One of my New Year’s resolutions is to improve the quality of my writing, a skill I’ve struggled with since high school.
A year back, I discovered Quora — a question-and-answer website where questions are crowdsourced to a community of users. It was not only an incredible platform to read insider answers on what it was like to work with Tim Cook or how NASA worked, but it was a platform to democratize questions to any community member as opposed to a select group of experts. Quora was the place I discovered some of my favorite writers like James Altucher and even professors, consultants, and doctors. The interesting part? Many of the writers weren’t experts or doctorates. They were normal Internet users that simply had a unique opinion to share.
On a whim, I began to answer questions on Quora; it turned from spontaneous word vomit about the Patriots and Kobe Bryant to more structured shorts on entrepreneurship, education, career advice. Many of my Quora answers led to ideas for blogs and many also helped my writing get discovered by strangers on the Internet. I made it a New Year’s resolution to write once every other day. Quora gave me energy and also let me into a secret: The only way to break self-doubts while writing is to create value and confidence. How does Quora help you achieve this?
Preset Writing Prompts
With more than 1.5 million questions available on Quora, Quora has begun to streamline questions to users based on their most popular or sought out categories. These answers are often short — no more than two to three paragraphs, with far less pressure to create an emulation of a New York Times editorial. The “Questions for You” tab enables you to answer questions based on your recent answers: My last four answers on Quora were about Bernie Sanders, Swarm, and the NFL — this triggered an algorithm that brought topics I was passionate about to my attention. One of the biggest barriers I hear when it comes to writing consistently is “I have writer’s block” or ‘I have no idea what to write about”. With preset writing prompts, all you have to do is look at a question already proposed to inspire new opinions and ideas. Many of these short answers can be turned into riveting long-form blogs.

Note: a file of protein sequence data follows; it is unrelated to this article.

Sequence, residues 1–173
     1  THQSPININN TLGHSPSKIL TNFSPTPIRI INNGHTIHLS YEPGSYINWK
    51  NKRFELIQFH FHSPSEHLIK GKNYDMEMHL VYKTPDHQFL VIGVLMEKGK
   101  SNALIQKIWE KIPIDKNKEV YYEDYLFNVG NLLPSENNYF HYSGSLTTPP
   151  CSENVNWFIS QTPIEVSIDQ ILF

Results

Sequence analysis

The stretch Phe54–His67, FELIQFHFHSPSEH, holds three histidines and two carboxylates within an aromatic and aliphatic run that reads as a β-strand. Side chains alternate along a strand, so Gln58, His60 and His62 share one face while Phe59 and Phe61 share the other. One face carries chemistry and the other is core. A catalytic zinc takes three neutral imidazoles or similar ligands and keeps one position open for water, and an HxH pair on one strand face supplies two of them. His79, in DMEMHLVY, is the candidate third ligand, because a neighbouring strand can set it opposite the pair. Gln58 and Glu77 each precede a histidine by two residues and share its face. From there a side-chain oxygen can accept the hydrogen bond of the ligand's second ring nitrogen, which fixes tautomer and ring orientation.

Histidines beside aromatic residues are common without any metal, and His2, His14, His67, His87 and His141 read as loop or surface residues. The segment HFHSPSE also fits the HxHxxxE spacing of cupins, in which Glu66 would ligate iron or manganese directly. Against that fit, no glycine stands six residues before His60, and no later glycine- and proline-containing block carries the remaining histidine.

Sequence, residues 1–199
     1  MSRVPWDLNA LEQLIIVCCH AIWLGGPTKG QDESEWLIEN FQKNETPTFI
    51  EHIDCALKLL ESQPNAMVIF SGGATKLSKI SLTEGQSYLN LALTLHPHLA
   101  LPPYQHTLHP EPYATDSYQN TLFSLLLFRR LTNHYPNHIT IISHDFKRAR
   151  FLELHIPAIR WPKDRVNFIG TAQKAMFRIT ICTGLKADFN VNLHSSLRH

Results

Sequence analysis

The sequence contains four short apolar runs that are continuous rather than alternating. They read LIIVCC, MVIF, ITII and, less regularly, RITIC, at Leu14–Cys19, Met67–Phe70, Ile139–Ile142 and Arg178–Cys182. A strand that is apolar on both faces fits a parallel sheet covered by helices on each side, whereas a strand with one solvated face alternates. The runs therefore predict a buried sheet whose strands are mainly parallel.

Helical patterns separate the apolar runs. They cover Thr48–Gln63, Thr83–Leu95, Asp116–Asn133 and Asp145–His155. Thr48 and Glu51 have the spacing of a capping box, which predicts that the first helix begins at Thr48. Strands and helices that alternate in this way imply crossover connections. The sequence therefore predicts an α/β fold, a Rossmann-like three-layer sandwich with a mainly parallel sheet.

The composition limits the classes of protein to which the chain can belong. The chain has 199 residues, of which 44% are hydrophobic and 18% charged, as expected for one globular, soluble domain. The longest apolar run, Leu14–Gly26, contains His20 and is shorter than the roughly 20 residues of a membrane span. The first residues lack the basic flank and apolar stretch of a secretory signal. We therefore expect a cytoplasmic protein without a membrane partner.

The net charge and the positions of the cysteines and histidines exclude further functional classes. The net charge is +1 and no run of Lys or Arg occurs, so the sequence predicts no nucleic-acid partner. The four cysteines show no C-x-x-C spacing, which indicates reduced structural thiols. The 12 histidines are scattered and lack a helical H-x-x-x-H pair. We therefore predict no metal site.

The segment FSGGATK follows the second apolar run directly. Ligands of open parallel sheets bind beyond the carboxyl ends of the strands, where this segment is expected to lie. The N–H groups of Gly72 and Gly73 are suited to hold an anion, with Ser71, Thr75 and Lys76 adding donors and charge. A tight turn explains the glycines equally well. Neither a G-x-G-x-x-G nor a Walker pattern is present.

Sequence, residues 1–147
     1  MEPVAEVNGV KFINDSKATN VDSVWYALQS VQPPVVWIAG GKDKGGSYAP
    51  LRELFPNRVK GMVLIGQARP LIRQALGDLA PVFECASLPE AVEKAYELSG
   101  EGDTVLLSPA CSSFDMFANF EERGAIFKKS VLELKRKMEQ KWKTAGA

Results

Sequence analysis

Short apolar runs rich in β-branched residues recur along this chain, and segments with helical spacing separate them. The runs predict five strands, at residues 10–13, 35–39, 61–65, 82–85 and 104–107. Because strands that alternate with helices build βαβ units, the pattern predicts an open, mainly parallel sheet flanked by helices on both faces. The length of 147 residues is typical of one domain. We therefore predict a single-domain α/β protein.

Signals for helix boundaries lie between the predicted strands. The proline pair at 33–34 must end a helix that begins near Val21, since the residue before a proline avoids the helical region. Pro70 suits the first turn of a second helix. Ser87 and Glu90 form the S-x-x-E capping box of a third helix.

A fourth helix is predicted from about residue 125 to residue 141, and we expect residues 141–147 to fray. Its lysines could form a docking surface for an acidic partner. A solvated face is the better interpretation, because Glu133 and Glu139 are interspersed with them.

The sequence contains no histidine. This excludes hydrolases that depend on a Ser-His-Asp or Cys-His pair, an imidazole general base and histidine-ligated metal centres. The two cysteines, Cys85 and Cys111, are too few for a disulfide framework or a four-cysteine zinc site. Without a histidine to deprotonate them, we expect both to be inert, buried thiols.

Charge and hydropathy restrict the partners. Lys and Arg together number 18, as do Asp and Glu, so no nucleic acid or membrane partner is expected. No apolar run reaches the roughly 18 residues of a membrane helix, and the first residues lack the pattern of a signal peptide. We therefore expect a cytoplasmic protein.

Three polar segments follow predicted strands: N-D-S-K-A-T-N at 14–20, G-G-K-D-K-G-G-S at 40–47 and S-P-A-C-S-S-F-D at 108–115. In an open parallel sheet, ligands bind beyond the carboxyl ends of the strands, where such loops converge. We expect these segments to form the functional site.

Opportunities For Reading and Learning
One of the biggest lessons I learned from one of my favorite authors, James Altucher: “You can’t write without first reading. A lot.” Compared to every question I respond to on Quora, I read about 10–15 answers. With more than 200 people I regularly follow, I read everything from life hacks to thoughts on the Donald Trump presidential campaign. I read high quality answers from experts as well as short answers from Reddit addicts. While I don’t have enough time in the day to read full-length books, my Quora app allows me to shift rather quickly through a number of questions during a commute or before bed. Reading many different answers gives you immediate exposure to different authors, styles of writing, sentence structures and vocabularies. The stream-of-consciousness approach I use in many of my blogs comes from the number of answers I’ve enjoyed reading on Quora. Writing growth cannot be a selfish pursuit — it has to be cultivated through constant exposure and acknowledgement of quality when you see it. It has to be cultivated through learning and compounding upon your preconceptions of ideas. This is where reading becomes essential.
No Permission Needed